Given what had already happened to Rosario’s mother, yanked from her parents and brother and placed in a foster home by the age of 9, it’s easy to see why she fabricated the story of her family being Sicilian. Dark-skinned Sicilian was much safer than “half black” in a place and time when people were sent to prison and children ripped from their families. Her brother would eventually commit suicide as the result of the abuses he suffered as a child – and not at the hands of his parents but as a result of horrible system in which he was systematically and repeatedly abused by adults who were supposedly “better” than his law-breaking parents.
For those of you who have never suffered the horrors of a family story in which your parent or grandparents were abused or mistreated, either by people they trusted or a system that was put in place to help them – good for you. But trust me, these revelations change the entire picture of who you think you are, your self-identity – and they will, guaranteed, rock your world to the point of physical nausea and literal nightmares.
After adjusting for a bit, trying to absorb his new reality and attempting to come to grips with the abuses suffered by his grandfather, grandmother, mother and uncle, Rosario was beset by a new drive to get to know his until-then-missing grandparents.
Who were these people, as people? What were their lives like, before and after prison? Did they love each other? What did they look like? Were there any pictures?
Rosario looked high and low, and then finally, finally…through a hint planted in his mind in the middle of the night – Rosario woke up knowing the answer.
Earlier this year, Rosario was able to obtain his grandfather, Jerome Barber’s picture – a mugshot, the only photo he, or his mother, has ever seen of this man.
Jerome Barber’s Heritage
If Jerome Barber was entirely “black,” then his child, Rosario’s mother, would have been half black, or 50%, and Rosario would be 25% IF Rosario received exactly 25% of this grandfather’s DNA.
Looking at an expected DNA contribution of 25% African, given a black grandfather, compared to Rosario’s reported rate of 18% sub-Saharan African shows that expectation and reality can vary widely. In this case, there is a 7% difference with only one generation between Rosario and his “black” ancestor. It’s probable that Rosario’s 2% Malagasy and 2% Native also descend from this line based on testing of other family members including his mother and newly discovered relatives on his father’s side.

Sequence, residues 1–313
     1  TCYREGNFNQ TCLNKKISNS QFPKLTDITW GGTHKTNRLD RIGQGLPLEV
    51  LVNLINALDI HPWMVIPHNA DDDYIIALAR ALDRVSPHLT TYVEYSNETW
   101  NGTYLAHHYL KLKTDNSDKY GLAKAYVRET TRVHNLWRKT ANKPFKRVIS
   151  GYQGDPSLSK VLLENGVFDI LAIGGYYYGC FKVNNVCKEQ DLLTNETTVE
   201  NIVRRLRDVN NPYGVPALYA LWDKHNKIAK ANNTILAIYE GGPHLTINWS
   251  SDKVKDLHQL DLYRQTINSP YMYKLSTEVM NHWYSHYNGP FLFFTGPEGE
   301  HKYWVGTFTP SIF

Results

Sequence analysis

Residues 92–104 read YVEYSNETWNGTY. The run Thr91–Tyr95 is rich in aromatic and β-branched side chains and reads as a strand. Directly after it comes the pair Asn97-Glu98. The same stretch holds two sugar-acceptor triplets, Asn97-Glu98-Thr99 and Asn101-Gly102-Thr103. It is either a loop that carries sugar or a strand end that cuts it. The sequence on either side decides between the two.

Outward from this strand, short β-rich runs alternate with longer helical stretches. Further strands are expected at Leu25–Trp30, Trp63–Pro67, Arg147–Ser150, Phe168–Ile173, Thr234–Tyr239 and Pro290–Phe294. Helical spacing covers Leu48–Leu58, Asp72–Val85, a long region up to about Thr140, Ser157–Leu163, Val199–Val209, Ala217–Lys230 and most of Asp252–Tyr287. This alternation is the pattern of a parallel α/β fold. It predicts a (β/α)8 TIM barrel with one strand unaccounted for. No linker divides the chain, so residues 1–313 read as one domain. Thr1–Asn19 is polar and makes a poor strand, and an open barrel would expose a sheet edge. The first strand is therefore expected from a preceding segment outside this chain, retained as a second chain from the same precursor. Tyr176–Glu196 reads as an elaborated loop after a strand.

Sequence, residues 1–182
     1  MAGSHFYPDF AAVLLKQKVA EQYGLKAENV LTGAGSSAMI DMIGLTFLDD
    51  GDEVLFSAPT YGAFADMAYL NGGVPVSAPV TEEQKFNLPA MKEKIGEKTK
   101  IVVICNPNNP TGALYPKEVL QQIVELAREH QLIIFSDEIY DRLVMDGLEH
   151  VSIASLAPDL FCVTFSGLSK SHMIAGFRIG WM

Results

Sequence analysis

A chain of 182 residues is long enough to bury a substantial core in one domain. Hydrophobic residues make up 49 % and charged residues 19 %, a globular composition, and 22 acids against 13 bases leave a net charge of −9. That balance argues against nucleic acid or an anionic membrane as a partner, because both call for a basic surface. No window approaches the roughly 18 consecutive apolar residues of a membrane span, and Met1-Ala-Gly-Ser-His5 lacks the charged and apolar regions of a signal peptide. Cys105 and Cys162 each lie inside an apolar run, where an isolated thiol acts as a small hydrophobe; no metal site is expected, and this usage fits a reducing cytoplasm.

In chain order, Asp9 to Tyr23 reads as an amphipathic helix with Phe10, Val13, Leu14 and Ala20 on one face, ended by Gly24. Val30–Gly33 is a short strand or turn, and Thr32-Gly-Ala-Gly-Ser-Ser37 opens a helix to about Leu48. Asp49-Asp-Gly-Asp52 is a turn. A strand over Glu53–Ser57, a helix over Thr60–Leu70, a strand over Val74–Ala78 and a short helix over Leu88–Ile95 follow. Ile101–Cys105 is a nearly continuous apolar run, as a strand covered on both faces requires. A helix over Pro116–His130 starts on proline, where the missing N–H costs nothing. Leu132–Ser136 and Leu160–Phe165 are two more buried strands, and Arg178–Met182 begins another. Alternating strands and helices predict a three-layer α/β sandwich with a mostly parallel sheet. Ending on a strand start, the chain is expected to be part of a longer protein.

However, even with Rosario’s 18% sub-Saharan African and a black grandfather, until I told you, one would never look at Rosario and expect him to carry African heritage.
In photos of Rosario’s mother, you’d never guess that she is half black and half white, which is why she was “kept” and placed with a white foster family, while her brother, who was darker, was sent elsewhere. Unfortunately, Rosario’s uncle passed away before DNA testing was available.
So, in this case, Rosario’s phenotype, meaning how he looks, as compared to his genotype, his DNA contents, is deceiving and so is his mother’s.
Rosarios’s mother has DNA tested, and her results show only 28% sub-Saharan African where 50% would have been expected with a 100% black father.
Rosario’s expected amount of sub-Saharan African DNA would be 14% or half of his mother’s 28%, if you are calculating from his mother, but if you are calculating from a fully African grandfather, Rosario’s amount of African DNA would be expected to be 25%. Clearly, Jerome Barber wasn’t entirely black.
Expected percentages of DNA if Rosario’s grandfather was 100% African are shown below for each generation.
As you can see in the above calculations, based only on Rosario’s grandfather being entirely African, there is a significant difference, especially in his mother’s generation.
Looking at these DNA amounts differently, the next chart shows the expected amount of DNA calculated on the percentage of DNA the parent actually carries. Again, we begin with Rosario’s grandfather at 100%.
Working backwards, given the amount of African DNA that Rosario’s mother has, 28%, Rosario’s grandfather may have only been about 56% African himself.
An awful irony.
Now that you know, you can look at Rosario and his grandfather’s photo together, and you can see the resemblance.
This same scenario works in reverse too. I cannot, tell you how many times people have sent me photographs with the idea that their ancestor “looks Native” but the DNA shows none or a small amount of Native admixture. In those cases, the DNA may show less than expected or no Native admixture because the DNA has washed out in the subsequent generations, the testing panels aren’t picking it up, or the ancestor wasn’t Native to begin with. It’s extremely easy to see a resemblance, especially if it’s something you are looking “for” or expect to see.
If ethnicity isn’t a good predictor and is highly variable, then how does one identify a parent?